Every day in California, unwanted or expired medicine is disposed of down the toilet. This was once recommended practice to protect children and pets from accidental poisonings, but now we know that pharmaceuticals can pass through wastewater treatment facilities into creeks, rivers, bays and oceans. In 2002, the U.S. Geological Survey reported that there were pharmaceutical compounds in 80% of tested waterways.
Of Special Concern
Pharmaceutical products in waterways skews gender ratios of fish and causes intersex characteristics to develop (where male fish display female traits). With drug sales doubling in the last five years—outpacing population growth—pharmaceutical waste has emerged as an important environmental and safety issue. http://articles.latimes.com/2005/nov/14/local/me-fish14 and http://pubs.usgs.gov/fs/2006/3131/.
While some pharmaceuticals enter the environment via normal human excretion, much is via direct disposal like flushing down the toilet or pouring down the drain. *Kaiser Family Foundation, Oct. 2004. Pharmaceuticals cannot currently be removed from wastewater treatment plants without costly system modifications so preventing these compounds from entering the wastewater system is vital to the continued good health of our waterways.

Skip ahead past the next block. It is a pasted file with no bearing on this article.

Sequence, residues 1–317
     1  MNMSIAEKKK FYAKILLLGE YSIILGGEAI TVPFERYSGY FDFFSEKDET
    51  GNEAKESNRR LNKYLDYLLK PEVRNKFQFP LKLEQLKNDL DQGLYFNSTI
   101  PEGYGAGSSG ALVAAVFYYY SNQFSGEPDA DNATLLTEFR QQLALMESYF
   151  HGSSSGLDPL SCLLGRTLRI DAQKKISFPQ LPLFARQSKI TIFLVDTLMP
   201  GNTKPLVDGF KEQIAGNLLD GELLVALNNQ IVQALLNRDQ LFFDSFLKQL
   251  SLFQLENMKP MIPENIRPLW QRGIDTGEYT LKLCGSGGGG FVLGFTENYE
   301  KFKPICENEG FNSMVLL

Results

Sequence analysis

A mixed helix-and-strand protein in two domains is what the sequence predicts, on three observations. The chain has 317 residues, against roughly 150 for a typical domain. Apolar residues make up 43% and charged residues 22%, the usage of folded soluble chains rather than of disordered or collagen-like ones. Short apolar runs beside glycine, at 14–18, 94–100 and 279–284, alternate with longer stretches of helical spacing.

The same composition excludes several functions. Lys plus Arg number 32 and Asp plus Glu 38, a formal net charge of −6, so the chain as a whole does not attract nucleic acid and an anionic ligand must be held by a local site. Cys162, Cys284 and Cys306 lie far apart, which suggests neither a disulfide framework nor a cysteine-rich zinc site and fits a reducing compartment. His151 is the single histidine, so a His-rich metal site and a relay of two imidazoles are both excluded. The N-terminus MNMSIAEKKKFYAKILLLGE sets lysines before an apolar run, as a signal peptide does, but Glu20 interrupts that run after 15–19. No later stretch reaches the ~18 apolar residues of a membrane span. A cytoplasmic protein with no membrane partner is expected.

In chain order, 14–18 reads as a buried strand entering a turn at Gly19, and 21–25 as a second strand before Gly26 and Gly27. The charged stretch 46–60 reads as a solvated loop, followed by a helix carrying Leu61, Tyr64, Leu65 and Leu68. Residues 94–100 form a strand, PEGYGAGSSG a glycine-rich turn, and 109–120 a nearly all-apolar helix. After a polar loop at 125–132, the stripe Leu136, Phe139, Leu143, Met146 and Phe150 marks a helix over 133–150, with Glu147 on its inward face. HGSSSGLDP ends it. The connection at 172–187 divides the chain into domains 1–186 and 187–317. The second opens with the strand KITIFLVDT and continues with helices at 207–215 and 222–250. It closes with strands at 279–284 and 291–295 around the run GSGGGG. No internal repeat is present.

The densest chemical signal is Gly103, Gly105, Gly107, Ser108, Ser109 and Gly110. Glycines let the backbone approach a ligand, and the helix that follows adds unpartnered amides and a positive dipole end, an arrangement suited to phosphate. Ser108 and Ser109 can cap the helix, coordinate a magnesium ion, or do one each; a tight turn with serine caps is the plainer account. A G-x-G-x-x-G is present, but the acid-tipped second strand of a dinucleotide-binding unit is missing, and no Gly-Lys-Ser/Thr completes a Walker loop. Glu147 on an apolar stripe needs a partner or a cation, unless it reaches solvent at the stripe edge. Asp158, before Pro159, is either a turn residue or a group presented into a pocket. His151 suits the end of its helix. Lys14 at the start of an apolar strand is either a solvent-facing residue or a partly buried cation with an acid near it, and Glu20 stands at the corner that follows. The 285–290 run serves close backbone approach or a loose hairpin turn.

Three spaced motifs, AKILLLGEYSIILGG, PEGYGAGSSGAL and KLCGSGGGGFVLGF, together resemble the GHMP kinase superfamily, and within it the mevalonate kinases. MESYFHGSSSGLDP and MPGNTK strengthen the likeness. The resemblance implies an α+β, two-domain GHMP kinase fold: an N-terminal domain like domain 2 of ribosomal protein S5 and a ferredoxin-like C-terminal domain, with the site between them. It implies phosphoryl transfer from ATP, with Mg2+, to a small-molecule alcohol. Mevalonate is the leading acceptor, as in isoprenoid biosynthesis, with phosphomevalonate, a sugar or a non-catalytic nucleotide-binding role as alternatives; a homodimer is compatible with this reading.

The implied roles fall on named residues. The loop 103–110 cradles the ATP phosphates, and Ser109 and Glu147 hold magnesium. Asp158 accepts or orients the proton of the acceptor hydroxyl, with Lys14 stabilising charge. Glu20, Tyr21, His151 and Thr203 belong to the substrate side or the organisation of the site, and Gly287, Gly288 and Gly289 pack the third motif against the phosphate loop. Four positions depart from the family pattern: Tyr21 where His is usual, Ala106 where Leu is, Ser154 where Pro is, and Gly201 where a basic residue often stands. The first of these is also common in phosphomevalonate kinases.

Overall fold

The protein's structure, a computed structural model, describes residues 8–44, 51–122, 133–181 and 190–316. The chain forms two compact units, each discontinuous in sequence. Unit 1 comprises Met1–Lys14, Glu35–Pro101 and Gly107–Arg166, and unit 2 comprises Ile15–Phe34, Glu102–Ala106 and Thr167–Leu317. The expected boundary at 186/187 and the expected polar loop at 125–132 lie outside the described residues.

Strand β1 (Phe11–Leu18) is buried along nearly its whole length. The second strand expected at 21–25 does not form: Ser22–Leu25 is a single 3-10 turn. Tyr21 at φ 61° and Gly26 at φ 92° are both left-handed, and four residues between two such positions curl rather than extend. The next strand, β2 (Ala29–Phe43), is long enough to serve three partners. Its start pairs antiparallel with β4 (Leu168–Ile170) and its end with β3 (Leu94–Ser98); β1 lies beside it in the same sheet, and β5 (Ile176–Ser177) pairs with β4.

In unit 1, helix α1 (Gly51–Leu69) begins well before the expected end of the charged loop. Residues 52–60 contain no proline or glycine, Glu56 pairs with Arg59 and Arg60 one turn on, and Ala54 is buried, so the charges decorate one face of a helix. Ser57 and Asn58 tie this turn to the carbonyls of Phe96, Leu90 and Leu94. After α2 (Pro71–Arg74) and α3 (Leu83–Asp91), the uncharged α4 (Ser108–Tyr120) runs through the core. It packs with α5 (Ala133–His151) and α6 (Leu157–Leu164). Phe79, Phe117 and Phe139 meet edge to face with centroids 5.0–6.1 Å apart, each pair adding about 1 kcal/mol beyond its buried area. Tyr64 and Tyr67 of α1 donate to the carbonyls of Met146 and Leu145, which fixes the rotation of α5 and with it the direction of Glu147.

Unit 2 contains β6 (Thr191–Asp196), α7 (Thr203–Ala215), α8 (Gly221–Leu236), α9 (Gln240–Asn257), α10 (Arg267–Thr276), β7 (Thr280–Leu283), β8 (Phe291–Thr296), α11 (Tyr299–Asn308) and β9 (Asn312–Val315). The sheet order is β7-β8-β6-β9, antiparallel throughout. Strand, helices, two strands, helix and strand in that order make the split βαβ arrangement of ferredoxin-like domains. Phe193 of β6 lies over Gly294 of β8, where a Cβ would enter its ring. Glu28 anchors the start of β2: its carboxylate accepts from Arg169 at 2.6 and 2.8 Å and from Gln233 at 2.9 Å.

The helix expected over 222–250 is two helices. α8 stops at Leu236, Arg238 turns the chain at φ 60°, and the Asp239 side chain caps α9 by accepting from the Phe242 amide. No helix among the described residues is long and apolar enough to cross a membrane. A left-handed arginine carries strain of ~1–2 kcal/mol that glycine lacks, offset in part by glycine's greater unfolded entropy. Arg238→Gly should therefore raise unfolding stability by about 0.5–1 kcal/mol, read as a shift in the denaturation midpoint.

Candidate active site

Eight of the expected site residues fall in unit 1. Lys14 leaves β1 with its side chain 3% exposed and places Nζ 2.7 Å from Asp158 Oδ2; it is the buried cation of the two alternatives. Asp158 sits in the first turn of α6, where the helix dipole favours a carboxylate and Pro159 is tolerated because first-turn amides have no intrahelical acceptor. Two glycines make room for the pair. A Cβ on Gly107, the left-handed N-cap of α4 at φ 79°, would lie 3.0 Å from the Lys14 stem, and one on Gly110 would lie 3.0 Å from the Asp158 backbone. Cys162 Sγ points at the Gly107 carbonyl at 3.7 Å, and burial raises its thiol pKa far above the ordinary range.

Dispose of unwanted medications--both prescription and over-the-counter medications--by taking them to the Western Placer Waste Management Authority’s HHW Facility. Leave labels on all containers but “black out” any personal information. Controlled substances cannot be taken to WPWMA. These must be taken to a Medication Take Back Event. Follow us on Twitter or FB to receive announcements of Take Back events.